Microsoft AI making the digital world a more accessible place

Hyderabad, May 16, 2019: WEF report states that more than 1 billion people worldwide experience some form of disability stopping them from completing their education or, getting them employed. We at Microsoft, strongly believe that technology has the potential to empower people to achieve more, help strengthen education opportunities, and make the workplace more inviting and inclusive for people with disabilities. Accessible technologies, enabled by AI, help people with disabilities unlock their full potential at school, work, and home.

In celebration of Global Accessibility Awareness Day, Microsoft is underscoring its commitment to make technology more accessible for everyone. In her most recent Microsoft on the Issues blog post, Chief Accessibility Officer Jenny Lay-Flurrie explains how “making accessibility part of how we do business around the world is essential. Thinking about it as a cultural shift, and how we manage a business is core to achieving this goal.”

At Microsoft, accessibility and inclusion are essential to deliver our mission of empowering every person and organization on the planet to achieve more. We put accessibility at the heart of design to make products and services that adapts to each user’s unique situation, device capabilities and human abilities to learn, use, build and master. Microsoft 365 is an example that helps make people accessible with disabilities to make them more productive. Similarly, using AI enabled technologies, we are creating robust solutions such as real-time speech-to-text transcription, visual recognition services and predictive text functionality.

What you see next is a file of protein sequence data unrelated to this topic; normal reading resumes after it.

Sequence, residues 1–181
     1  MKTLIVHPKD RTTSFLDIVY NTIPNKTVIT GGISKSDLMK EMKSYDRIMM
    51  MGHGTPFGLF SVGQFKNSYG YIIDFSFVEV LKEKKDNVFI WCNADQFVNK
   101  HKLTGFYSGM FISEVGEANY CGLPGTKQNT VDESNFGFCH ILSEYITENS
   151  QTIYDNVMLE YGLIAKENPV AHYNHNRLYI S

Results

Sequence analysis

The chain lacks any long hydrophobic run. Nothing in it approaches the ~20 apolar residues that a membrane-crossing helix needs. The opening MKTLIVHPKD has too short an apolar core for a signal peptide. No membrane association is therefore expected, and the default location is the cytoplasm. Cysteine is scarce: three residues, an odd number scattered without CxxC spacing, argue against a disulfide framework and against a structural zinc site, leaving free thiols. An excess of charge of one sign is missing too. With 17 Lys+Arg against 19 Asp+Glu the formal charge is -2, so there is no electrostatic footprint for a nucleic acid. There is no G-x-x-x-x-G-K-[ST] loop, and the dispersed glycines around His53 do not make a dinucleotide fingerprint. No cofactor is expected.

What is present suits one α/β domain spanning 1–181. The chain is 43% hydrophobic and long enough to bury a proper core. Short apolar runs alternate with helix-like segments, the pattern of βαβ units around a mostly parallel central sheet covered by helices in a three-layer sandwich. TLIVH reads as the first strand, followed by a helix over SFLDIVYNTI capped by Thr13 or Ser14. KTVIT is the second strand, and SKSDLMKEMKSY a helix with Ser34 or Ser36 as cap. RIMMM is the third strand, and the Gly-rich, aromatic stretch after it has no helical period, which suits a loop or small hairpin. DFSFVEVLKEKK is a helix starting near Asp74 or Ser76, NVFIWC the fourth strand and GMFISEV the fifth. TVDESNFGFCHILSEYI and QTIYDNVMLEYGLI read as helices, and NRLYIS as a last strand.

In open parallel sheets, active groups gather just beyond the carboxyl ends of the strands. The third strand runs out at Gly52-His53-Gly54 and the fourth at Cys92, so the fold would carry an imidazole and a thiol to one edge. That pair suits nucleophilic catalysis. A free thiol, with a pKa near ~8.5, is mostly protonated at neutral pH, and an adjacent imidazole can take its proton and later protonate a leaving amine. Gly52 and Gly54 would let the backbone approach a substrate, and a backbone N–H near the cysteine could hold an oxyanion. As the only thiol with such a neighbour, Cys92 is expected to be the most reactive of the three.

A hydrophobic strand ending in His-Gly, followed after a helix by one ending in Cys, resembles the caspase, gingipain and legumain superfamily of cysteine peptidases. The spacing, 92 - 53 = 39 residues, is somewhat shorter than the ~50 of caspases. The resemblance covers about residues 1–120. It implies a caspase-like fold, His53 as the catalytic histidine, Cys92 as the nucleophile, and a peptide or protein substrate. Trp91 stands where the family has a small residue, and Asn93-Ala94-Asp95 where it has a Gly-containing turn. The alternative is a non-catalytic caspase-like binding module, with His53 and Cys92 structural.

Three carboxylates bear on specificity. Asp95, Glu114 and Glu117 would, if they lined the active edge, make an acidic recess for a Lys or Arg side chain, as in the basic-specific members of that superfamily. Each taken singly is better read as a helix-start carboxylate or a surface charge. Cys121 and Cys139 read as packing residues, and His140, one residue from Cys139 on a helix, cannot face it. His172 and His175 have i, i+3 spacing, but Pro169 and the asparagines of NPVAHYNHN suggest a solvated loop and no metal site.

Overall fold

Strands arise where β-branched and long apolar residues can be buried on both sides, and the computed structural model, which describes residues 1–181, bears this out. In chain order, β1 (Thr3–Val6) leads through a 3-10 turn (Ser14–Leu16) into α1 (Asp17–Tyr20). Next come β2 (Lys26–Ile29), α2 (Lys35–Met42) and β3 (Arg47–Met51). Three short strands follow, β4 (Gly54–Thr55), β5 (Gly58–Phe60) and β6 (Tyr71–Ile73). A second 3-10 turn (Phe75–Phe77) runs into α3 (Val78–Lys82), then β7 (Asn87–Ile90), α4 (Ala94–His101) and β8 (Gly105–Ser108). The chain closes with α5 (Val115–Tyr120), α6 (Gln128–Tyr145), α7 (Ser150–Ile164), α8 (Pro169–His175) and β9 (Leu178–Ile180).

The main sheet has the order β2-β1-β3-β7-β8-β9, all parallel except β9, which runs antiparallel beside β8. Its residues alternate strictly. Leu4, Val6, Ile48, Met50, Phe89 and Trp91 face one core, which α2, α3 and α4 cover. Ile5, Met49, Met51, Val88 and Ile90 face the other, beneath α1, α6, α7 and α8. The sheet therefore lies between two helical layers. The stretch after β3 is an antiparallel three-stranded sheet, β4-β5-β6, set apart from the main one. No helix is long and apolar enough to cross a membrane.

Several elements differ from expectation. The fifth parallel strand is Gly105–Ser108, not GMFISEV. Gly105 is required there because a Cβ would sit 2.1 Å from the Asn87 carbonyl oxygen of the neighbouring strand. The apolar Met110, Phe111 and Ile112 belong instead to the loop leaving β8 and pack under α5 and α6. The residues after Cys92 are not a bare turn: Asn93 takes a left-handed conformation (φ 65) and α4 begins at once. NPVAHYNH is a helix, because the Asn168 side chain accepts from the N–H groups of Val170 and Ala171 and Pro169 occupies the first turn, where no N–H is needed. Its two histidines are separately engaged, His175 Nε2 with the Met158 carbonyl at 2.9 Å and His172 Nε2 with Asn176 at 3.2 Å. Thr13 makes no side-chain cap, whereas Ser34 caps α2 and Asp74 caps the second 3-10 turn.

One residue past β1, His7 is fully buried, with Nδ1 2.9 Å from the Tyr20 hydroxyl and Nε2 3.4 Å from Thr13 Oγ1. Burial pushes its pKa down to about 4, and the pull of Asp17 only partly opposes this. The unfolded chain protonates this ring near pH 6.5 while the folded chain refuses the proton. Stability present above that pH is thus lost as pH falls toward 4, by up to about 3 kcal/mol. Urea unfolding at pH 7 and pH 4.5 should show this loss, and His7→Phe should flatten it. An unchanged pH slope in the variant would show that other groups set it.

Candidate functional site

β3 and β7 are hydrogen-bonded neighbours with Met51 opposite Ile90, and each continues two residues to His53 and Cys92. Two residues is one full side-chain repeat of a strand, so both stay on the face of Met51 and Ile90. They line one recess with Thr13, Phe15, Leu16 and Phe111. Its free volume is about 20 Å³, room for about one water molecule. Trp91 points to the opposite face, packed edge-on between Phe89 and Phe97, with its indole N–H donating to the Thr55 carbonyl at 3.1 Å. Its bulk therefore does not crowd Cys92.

Leveraging technology, at Microsoft, we are building accessible and inclusive solutions to empower people with disabilities through the following:

  • Empowering through Windows 10:
  • Eye control enables you to type with an on-screen keyboard, communicate with people, and control the mouse with just your eyes.
  • Magnifier makes part or all of your screen bigger so you can see words and images better.
  • Narrator reads text on your screen aloud and describes events, such as notifications or calendar appointments, so you can use your computer without a display.
  • Learning Tools improves reading and writing for learners regardless of their age and ability. The tool is offered in Word, OneNote, Edge and Outlook.
  • Xbox Adaptive Controller was designed to empower gamers with limited mobility. Every aspect of the controller, including the packaging, was designed in close partnership with the accessibility community.
  • Seeing AI – an app that narrates the world for people who are blind or have low vision. What began as a hackathon project has evolved into an app that has helped people with more than 10 million tasks.
  • Soundscape reimagines how technology can enhance independence and mobility to empower people who are blind or have low vision

To know more on Microsoft’s approach to accessibility, please visit.

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